In an effort to meet President Obama’s greenhouse gas emissions goals, the Department of Energy is going after dishwashers. And if that sounds ridiculous to start, wait til you hear the details.
According to a recent proposal, the DOE wants each dishwasher to complete a load of dirty dishes using only 3.1 gallons of water, among other efficiency changes. Currently, 5 gallons are permitted, which is down from the 6.5 gallons that were standard before similar DOE regulations were passed in 2012.
Industry experts are now pushing back, and rightfully so. These regulations would do more harm than good for both the environment and American consumers, “essentially turning back the clock to the days of hand-washing dishes,” according to the Association of Home Appliance Manufacturers.
Home appliance manufacturers recently completed several rounds of testing to the proposed standards. The testing revealed a build-up of film, fats and grease on dishes at the end of the cycle. As a result of the proposed standards, it is highly likely that consumers will pre-wash dishes or choose to repeat dishwasher cycles, thereby erasing any energy or water savings.
In other words, the 70 percent of American families who use dishwashers will likely waste even more water (not to mention time) trying to get the dishes done.
The agency initially proposed the changes in December. It estimates the changes would save 240 billion gallons of water over the next three decades. DOE figures also estimate the proposals would reduce energy consumption by 12 percent and save consumers $2 billion in utility bills.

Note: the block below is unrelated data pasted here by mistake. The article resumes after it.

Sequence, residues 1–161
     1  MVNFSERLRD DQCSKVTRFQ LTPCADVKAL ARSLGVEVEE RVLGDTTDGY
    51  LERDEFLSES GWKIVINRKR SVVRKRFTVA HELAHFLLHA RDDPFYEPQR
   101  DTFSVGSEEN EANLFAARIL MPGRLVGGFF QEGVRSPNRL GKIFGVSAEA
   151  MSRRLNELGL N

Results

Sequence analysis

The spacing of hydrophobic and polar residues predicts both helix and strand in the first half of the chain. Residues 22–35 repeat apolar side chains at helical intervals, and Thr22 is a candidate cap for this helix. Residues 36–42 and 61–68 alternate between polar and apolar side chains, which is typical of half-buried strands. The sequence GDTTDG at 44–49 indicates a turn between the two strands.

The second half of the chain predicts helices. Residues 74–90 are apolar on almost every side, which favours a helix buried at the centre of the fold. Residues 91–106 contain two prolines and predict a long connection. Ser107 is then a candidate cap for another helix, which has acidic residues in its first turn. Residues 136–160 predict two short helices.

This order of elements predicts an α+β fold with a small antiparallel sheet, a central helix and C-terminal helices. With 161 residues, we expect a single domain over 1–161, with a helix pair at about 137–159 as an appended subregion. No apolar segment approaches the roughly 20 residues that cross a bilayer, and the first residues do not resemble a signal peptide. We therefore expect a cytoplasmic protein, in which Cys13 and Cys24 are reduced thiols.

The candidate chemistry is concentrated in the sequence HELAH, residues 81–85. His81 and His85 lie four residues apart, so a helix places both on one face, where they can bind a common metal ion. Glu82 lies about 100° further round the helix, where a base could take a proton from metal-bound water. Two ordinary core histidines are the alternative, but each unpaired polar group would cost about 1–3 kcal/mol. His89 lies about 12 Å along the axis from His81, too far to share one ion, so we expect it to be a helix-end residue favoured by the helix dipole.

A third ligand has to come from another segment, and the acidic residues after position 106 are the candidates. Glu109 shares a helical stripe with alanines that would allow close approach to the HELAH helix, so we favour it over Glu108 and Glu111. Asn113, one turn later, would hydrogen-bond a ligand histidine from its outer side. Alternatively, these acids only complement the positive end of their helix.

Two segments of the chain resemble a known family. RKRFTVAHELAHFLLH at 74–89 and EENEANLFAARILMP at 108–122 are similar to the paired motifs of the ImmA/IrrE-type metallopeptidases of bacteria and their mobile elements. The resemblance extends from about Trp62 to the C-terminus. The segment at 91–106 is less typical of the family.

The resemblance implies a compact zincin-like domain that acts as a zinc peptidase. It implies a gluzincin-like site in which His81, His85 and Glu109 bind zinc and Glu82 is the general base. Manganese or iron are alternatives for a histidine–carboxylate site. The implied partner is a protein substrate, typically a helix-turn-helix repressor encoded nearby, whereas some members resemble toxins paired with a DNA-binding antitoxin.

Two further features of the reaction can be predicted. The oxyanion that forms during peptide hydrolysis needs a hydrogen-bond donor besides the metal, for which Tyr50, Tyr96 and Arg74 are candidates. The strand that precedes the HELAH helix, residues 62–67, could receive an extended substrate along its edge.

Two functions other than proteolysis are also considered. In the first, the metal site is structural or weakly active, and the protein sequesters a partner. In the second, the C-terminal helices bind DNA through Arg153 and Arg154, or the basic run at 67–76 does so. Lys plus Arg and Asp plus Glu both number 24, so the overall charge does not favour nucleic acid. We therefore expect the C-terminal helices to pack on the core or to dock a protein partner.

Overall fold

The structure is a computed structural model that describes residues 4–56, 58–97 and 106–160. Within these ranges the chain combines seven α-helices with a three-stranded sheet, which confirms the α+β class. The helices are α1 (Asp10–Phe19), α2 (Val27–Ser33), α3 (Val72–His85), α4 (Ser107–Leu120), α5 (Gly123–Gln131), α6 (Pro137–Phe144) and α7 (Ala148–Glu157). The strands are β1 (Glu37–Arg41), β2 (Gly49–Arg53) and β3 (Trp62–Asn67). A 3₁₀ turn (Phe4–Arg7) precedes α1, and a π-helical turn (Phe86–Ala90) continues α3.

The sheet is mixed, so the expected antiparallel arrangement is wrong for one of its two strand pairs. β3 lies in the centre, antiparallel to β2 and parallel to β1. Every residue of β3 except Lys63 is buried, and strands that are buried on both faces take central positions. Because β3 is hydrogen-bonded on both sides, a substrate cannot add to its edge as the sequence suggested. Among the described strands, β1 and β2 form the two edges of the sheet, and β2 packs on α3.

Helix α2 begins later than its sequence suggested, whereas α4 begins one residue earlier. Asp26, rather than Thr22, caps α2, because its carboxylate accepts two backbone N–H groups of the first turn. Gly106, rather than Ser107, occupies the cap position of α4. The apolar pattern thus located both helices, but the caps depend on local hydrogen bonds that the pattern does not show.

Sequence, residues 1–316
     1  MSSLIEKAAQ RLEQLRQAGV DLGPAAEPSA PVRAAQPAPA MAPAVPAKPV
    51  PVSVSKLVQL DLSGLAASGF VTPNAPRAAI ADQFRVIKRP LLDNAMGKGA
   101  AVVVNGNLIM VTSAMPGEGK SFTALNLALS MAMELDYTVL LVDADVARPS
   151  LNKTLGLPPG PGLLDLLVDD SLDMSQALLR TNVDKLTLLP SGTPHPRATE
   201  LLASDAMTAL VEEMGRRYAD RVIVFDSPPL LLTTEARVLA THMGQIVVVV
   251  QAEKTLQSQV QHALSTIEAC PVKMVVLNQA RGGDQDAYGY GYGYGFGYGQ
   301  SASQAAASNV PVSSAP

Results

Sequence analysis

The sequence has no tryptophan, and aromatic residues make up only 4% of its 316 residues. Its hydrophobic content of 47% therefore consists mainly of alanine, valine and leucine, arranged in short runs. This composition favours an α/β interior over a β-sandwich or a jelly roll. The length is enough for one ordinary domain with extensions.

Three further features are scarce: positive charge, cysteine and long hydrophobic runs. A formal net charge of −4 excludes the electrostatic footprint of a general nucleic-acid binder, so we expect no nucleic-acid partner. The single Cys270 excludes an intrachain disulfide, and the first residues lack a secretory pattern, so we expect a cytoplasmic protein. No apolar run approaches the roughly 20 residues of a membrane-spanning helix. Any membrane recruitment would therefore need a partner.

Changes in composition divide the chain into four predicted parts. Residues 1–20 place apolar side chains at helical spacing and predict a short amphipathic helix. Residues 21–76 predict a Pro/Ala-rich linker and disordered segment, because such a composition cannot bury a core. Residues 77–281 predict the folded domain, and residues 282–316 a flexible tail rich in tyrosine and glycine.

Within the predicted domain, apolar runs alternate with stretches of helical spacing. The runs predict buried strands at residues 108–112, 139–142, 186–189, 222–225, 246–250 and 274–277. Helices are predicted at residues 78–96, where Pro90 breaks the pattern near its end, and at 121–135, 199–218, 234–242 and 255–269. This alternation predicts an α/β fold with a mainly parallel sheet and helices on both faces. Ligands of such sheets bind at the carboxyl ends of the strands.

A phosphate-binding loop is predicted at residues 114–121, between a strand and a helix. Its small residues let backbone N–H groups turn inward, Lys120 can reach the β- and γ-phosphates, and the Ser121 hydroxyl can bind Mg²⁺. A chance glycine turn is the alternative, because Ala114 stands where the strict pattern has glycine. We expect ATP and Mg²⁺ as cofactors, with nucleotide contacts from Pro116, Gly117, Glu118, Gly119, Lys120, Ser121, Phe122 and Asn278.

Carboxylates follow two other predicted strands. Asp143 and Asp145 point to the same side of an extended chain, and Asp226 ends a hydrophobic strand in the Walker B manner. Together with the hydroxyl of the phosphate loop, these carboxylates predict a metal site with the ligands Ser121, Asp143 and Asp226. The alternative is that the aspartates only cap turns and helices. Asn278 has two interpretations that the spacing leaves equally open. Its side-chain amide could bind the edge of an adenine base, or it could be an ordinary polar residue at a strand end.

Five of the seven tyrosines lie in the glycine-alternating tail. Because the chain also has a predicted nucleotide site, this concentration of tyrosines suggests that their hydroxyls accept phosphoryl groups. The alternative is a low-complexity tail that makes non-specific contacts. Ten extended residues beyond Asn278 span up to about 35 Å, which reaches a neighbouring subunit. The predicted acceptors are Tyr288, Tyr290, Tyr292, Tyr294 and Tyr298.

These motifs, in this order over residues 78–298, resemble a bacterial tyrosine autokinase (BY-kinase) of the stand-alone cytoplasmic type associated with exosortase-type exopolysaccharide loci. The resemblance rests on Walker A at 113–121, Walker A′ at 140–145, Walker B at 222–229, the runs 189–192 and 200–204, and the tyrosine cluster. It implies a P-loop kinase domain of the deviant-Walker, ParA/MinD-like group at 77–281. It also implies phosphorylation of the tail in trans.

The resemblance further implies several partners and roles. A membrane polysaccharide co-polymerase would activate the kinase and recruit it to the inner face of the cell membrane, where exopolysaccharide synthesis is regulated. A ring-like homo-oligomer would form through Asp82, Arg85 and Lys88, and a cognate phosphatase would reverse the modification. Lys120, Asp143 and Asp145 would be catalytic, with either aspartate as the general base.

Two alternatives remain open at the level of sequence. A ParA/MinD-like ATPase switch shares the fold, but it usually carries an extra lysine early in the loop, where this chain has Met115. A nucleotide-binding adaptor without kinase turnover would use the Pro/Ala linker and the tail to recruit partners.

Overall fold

But it could also raise the price tag on washers. Ernest Istook, former Republican congressman from Oklahoma, wrote in a Washington Times piece that complying with the 2012 rule, based on DOE estimates, added roughly $44 to the cost of each machine. “Now their 2015 proposal will add another $99 to the price tag, even by DOE’s own admission,” he wrote.
The comment period has been re-opened and DOE told The Hill it will work with manufacturers to develop the “most efficient, highest performing product available.”
But if DOE couldn’t even bother to inform those affected, like AHAM, which says it caught wind of the proposal when it was in its final stage, the second comment period, then, is likely little more than show. Just take a look at how the pizza and restaurant industries fared after trying to reason with FDA bureaucrats ahead of its menu labeling regulation. My guess is that this won’t end well for businesses, consumers, or the environment.
Get your gloves ready, America.